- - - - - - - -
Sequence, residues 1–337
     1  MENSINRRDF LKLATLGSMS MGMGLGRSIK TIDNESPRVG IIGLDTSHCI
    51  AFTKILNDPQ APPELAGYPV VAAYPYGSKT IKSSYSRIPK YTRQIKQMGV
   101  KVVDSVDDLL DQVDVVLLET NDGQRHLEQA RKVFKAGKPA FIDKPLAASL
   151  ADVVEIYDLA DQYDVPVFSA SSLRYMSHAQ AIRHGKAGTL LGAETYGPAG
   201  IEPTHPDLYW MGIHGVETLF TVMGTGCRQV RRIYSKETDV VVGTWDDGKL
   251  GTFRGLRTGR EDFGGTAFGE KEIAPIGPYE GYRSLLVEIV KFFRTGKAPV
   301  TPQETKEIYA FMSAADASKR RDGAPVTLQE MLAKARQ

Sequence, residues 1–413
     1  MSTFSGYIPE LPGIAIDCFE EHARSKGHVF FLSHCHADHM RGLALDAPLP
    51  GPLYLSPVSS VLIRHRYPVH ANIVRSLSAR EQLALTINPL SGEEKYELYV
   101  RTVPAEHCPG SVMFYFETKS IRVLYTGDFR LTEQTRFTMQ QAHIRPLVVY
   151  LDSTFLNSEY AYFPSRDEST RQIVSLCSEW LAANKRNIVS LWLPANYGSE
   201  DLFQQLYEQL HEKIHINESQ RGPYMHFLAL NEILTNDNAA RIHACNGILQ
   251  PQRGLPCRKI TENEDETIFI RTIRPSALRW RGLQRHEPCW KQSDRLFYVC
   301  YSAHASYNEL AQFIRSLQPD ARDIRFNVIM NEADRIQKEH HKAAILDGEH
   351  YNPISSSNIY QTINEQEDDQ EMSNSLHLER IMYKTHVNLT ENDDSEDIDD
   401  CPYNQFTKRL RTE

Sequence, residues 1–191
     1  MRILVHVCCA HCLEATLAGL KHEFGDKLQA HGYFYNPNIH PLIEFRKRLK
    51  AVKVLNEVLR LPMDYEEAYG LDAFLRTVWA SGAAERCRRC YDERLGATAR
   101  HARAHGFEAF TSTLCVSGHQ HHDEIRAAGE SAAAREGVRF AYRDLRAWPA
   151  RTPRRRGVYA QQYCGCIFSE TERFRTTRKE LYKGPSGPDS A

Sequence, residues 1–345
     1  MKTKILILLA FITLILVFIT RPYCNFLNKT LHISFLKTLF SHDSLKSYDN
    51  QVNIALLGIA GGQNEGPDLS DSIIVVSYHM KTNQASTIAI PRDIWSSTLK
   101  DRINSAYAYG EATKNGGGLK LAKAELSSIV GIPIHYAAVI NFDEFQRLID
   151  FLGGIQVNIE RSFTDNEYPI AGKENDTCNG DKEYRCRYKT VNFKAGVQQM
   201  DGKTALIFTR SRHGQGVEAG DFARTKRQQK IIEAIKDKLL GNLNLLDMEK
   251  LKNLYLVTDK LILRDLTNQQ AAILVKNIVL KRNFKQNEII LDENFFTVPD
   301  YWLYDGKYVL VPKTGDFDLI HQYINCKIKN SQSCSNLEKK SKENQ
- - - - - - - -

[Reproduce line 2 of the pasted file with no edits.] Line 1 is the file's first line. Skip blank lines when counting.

     1  MENSINRRDF LKLATLGSMS MGMGLGRSIK TIDNESPRVG IIGLDTSHCI